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Skin cancer is one of the most prevalent diseases of the modern world. Each year, approximately 1.2 million new cases of skin cancer are diagnosed in the United States, which account for roughly 40% of all new cancer cases. The majority of these skin cancer cases are classified as non-melanoma skin cancer (NMSC). NMSC occur primarily on sun-exposed areas of the body and have been attributed to cumulative cellular changes brought about by ultraviolet (UV) light radiation. Recent rising rates of NMSC have been attributed to many factors, including increased outdoor activity, an increase in lifespan, and an increase in the UV index due to reductions in the ozone layer. In addition, there is an alarming amount of aggressive NMSCs found in organ transplant patients who are taking immune-suppressive drugs. Although there is heightened awareness about the need for limited sun exposure and use of sunscreens, this has not significantly impacted NMSC incidence. Therefore, we must search for better methods to prevent NMSC, in formats which are affordable and manageable for public use. We are investigating the use of the natural product sulforaphane as a possible preventive treatment for UV-induced NMSC.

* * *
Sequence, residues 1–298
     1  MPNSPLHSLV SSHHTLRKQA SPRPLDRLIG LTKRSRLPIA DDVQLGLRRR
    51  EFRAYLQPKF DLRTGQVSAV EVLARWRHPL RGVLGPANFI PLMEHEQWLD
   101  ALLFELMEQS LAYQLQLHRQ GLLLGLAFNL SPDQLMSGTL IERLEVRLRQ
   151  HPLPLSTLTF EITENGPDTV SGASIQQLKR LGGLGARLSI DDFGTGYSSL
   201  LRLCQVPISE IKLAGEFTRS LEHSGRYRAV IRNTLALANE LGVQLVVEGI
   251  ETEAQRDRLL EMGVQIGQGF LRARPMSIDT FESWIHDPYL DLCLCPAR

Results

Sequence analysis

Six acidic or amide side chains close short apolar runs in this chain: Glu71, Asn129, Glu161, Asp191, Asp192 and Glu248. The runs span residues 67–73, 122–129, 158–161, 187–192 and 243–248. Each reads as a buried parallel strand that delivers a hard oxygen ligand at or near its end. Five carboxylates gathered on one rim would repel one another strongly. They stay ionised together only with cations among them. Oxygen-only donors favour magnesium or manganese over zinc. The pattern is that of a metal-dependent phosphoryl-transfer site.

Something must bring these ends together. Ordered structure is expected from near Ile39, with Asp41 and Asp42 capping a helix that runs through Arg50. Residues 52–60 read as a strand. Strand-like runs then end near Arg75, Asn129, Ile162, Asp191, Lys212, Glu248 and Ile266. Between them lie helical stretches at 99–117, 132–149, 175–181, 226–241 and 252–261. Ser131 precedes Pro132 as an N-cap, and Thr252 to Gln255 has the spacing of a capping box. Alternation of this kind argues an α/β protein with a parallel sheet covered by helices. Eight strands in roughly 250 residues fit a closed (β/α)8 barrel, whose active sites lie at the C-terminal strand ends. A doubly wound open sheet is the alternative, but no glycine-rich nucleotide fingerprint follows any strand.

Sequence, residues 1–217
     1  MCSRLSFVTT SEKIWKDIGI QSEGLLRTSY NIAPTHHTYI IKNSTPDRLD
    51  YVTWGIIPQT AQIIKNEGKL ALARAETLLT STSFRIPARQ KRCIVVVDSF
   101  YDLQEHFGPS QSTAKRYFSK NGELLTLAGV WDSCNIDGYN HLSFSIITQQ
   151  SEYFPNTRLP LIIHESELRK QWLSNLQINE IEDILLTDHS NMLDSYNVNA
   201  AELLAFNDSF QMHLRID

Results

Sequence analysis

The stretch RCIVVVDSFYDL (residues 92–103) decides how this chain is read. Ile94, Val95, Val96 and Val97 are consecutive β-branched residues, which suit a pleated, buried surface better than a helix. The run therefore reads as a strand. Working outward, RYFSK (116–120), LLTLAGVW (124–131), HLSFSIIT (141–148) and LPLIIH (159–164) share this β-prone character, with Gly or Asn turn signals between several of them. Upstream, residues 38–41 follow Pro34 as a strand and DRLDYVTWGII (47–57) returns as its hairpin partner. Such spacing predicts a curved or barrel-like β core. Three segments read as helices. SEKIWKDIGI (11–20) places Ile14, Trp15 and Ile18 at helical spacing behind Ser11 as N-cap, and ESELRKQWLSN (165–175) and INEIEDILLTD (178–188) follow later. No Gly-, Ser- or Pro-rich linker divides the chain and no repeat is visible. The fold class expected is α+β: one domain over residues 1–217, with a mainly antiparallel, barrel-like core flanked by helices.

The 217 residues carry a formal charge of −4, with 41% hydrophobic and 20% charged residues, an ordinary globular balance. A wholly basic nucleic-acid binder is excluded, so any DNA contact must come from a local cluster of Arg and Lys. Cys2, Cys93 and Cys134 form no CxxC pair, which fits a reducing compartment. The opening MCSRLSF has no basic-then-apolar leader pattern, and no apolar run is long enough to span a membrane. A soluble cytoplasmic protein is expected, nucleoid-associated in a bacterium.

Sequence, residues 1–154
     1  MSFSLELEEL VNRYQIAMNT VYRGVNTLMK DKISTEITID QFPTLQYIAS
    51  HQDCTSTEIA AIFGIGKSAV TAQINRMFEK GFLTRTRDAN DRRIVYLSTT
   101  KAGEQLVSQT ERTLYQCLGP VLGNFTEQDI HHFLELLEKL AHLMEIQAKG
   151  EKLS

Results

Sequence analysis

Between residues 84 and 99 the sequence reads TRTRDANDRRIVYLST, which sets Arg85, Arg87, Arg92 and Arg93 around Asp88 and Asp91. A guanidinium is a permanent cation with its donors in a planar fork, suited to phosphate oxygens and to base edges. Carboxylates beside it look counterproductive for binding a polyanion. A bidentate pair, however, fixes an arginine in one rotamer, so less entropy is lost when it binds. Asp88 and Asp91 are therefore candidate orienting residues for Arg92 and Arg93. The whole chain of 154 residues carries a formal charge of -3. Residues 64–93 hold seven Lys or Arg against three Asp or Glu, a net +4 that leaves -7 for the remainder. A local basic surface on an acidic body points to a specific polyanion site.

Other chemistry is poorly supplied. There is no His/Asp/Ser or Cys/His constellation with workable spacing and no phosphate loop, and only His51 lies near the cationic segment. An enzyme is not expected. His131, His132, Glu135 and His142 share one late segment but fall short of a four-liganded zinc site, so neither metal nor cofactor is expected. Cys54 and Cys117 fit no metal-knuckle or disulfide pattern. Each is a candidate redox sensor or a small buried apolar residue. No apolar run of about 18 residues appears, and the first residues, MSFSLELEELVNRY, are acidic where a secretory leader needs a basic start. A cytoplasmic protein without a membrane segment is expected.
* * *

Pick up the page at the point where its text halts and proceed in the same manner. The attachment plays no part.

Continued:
Sulforaphane (SFN) is a type of isothiocyanate derived from Cruciferous vegetables, especially broccoli and broccoli sprouts. SFN and other isothiocyanates have gained attention in recent years as being powerful inhibitors of tumorigenesis in various laboratory cancer models, including lung cancer, colon cancer and skin cancer. Although SFN has many interesting activities in the cell, we are currently focusing on two of its targets that may be relevant to skin cancer: 1) The ability of SFN to activate cellular defenses through stimulation of the Nrf2 transcription factor, and 2) The ability of SFN to inhibit the growth potential of tumorigenic cells through blocking the activity of the AP-1 transcription factor. Although the effect of SFN treatment on Nrf2 is well-defined in many cell types, it is not known whether Nrf2 stimulation is protective in UV-induced skin carcinogenesis. Inhibition of AP-1, on the other hand, is known to significantly reduce UV-induced NMSC rates, using both pharmacological and genetic means. We have recently shown that SFN blocks the activity of AP-1 after UV stimulation in keratinocytes, and it does so by specifically binding to a redox-sensitive cysteine in the DNA binding domain of the AP-1 protein. We are currently generating mouse models to test the importance of both Nrf2 and AP-1 in the response to SFN during UV-induced skin carcinogenesis experiments. In addition, we are in the process of formulating SFN into a cream for clinical testing in Phase 0 and Phase 1 trials in the near future. We hope to someday show that SFN can be beneficial in preventing NMSC in human skin, or even reversing some latent damage caused by sun exposure.
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